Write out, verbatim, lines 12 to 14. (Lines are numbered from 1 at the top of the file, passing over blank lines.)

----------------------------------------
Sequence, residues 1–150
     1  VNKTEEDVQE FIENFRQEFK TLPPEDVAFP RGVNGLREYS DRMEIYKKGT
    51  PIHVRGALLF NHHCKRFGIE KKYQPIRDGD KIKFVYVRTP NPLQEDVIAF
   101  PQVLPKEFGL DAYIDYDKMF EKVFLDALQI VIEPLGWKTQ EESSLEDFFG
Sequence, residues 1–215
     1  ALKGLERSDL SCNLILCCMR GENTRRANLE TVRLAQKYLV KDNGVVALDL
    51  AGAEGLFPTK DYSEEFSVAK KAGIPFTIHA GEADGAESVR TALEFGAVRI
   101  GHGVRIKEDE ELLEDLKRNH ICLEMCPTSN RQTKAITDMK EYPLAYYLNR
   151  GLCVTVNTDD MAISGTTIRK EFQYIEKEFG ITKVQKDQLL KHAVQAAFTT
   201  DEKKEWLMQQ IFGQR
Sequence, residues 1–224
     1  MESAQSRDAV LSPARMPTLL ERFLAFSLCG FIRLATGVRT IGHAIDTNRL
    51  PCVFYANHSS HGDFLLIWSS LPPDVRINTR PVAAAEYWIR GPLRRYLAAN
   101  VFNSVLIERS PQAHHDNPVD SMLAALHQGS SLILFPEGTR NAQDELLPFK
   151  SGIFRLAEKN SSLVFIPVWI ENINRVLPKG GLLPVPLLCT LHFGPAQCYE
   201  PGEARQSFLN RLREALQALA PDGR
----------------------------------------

     1  MESAQSRDAV LSPARMPTLL ERFLAFSLCG FIRLATGVRT IGHAIDTNRL
    51  PCVFYANHSS HGDFLLIWSS LPPDVRINTR PVAAAEYWIR GPLRRYLAAN
   101  VFNSVLIERS PQAHHDNPVD SMLAALHQGS SLILFPEGTR NAQDELLPFK